November 13, 2012
Incumbents triumphed in the race to represent Issaquah and other 41st Legislative District communities.
Steve Litzow, a freshman Republican state senator from Mercer Island, outpaced Mercer Island Democrat Maureen Judge. Renton Democrat Marcie Maxwell, a state representative elected in 2008 and re-elected in 2010, cruised to commanding victory against Issaquah Republican Tim Eaves, a novice candidate.
Issaquah’s Cougar Mountain neighborhoods and North Issaquah fall inside the district, a suburban swath stretched from Mercer Island to Sammamish.
Litzow said the outcome reflected the district’s moderate character. Redistricting last year removed part of Renton and added part of Sammamish to the district.
November 13, 2012
Republican Chad Magendanz triumphed in the race to represent Issaquah and the 5th Legislative District in the state House of Representatives, and in the process, set up a vacancy on the Issaquah School Board.
Magendanz defeated North Bend Democrat David Spring, a candidate for the seat in 2008 and 2010. The challengers vied to succeed retiring state Rep. Glenn Anderson, a Fall City Republican and lawmaker for a dozen years.
“I’m really looking forward to getting out of campaign mode — which has been the focus for the last year — and rolling up my sleeves and really getting into the tough problems to solve down in Olympia,” Magendanz said a day after the election.
Magendanz said decisions made in Olympia often frustrated the school board and Issaquah School District leaders.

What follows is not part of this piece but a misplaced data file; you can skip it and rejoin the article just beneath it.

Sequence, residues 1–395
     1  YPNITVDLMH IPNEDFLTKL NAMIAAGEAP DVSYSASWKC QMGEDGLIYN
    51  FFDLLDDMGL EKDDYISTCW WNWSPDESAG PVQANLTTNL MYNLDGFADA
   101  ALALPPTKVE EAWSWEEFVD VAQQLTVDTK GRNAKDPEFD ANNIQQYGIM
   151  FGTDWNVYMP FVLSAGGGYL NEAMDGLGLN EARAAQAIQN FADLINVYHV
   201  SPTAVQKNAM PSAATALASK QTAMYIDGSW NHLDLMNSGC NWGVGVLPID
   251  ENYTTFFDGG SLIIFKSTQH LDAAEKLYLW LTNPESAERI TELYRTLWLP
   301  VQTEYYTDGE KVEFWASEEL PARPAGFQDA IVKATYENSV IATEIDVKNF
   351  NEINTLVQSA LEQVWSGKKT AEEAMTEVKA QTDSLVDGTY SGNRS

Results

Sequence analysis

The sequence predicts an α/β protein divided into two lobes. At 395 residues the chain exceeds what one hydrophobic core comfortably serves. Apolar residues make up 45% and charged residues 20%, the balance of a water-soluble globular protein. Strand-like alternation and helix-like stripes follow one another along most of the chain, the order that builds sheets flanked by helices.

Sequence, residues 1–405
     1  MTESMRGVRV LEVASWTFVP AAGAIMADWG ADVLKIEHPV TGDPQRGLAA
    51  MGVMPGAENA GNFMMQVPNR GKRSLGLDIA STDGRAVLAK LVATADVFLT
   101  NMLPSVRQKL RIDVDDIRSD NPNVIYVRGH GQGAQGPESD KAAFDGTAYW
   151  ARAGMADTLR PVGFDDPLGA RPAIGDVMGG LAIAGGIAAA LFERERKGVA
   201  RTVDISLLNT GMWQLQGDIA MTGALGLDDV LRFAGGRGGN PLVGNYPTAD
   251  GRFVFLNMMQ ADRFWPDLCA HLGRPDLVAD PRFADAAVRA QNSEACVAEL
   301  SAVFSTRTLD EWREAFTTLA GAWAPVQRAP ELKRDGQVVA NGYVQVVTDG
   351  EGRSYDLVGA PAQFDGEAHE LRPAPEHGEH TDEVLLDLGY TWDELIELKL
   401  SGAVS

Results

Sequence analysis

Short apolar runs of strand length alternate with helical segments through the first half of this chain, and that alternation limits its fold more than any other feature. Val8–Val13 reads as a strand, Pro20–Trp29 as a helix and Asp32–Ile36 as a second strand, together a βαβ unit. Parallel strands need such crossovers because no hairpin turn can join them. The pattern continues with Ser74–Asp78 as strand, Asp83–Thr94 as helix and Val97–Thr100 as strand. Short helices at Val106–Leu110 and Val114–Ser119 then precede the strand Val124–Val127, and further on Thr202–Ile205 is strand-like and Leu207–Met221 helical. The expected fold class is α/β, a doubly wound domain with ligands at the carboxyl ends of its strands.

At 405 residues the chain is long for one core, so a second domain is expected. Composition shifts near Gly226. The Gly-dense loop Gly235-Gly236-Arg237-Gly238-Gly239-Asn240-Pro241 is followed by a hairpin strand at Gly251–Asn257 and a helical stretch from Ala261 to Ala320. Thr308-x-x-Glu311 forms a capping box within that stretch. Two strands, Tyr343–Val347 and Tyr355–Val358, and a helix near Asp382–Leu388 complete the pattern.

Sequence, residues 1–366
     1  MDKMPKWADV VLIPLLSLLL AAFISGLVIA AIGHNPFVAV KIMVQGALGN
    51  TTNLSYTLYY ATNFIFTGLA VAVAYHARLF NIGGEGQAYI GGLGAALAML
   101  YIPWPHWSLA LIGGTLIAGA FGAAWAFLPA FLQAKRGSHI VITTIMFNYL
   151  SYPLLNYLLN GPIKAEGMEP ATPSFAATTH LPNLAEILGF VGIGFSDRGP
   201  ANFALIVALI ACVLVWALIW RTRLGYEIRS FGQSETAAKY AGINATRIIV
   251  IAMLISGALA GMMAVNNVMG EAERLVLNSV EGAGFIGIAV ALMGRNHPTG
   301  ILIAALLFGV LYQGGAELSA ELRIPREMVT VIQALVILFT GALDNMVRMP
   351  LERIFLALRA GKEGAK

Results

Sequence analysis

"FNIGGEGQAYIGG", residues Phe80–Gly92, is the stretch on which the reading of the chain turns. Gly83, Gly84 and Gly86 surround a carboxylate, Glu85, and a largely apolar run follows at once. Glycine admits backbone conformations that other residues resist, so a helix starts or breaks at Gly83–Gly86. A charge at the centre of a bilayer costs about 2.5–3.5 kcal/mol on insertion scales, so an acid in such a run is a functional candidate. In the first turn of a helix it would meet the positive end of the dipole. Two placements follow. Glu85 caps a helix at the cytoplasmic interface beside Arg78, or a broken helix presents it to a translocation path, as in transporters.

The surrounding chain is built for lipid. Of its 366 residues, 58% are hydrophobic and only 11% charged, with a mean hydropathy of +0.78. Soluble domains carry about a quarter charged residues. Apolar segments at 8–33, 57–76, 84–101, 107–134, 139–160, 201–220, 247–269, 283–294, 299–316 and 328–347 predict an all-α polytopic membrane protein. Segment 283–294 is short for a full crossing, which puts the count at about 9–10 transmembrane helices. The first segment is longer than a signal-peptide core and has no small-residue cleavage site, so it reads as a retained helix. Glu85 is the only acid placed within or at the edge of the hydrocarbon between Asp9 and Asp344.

November 7, 2012
NEW — 3 p.m. Nov. 7, 2012
Republican Chad Magendanz triumphed in the race to represent Issaquah and the 5th Legislative District in the state House of Representatives, and in process, set up a vacancy on the Issaquah School Board.
Magendanz cruised to a comfortable lead against North Bend Democrat David Spring in the initial election results released Tuesday, 55 percent to 45 percent. The candidates vied to succeed retiring state Rep. Glenn Anderson, a Republican and lawmaker for a dozen years.
“I’m really looking forward to getting out of campaign mode — which has been the focus for the last year — and rolling up my sleeves and really getting into the tough problems to solve down in Olympia,” Magendanz said in a Wednesday interview.
October 30, 2012
Vote no Initiative 1185
Washington voters approved a two-thirds legislative majority for taxes in 1993, 1998, 2007 and most recently in 2010.
Proponents argue that the two-thirds majority measure on this year’s ballot, Initiative 1185, is again needed to keep state legislators in line. In fact, a two-thirds requirement gives the minority — in this case, a small group of state senators — the unfair advantage to shut down any proposed tax increase.
October 9, 2012
Education is the No. 1 priority for state House of Representatives candidates in the 5th Legislative District — a local school board member and a citizen advocate for education.
Issaquah School Board member Chad Magendanz, a Republican, and North Bend Democrat David Spring remain focused on education in the race for a rare, open House seat.
In a 7-2 ruling delivered in January, state Supreme Court justices said the state is not fulfilling the “paramount duty” to fund education. Both candidates in the 5th District race said education funding is a bipartisan issue.
“There’s a huge amount of work to do together,” Magendanz said. “When you set aside all of the partisan rhetoric and you really focus on what needs to be done for our kids, for our future, there is a lot of work there.”